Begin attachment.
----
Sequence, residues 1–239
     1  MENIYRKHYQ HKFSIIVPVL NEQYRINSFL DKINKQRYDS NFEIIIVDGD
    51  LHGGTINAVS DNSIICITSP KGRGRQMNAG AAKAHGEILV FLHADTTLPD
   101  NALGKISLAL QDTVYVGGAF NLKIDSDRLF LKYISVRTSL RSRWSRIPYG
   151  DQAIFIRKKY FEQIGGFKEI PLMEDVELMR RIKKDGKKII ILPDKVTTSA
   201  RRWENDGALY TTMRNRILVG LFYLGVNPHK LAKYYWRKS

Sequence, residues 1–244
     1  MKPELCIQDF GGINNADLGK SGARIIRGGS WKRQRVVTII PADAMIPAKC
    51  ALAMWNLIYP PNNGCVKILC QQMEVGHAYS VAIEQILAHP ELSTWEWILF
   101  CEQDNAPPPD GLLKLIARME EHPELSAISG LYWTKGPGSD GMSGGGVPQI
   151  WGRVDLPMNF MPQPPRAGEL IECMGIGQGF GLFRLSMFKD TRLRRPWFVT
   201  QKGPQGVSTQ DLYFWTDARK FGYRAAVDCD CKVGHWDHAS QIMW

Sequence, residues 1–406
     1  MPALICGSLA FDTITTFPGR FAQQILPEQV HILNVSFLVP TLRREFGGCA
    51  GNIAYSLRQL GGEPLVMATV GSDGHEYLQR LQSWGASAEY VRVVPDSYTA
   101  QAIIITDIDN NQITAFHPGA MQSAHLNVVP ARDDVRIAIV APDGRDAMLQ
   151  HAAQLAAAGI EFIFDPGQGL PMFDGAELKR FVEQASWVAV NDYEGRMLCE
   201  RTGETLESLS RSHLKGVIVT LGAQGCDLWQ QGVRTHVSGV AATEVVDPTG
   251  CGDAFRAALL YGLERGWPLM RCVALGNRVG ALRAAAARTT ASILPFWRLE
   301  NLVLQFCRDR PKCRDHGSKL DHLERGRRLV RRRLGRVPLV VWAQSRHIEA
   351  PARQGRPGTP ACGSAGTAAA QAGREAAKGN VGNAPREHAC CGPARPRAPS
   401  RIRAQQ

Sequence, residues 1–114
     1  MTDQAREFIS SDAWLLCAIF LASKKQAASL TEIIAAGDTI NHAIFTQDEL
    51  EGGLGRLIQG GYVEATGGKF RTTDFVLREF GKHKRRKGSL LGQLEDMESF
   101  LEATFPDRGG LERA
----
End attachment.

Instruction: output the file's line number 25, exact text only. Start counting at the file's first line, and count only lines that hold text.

    51  EGGLGRLIQG GYVEATGGKF RTTDFVLREF GKHKRRKGSL LGQLEDMESF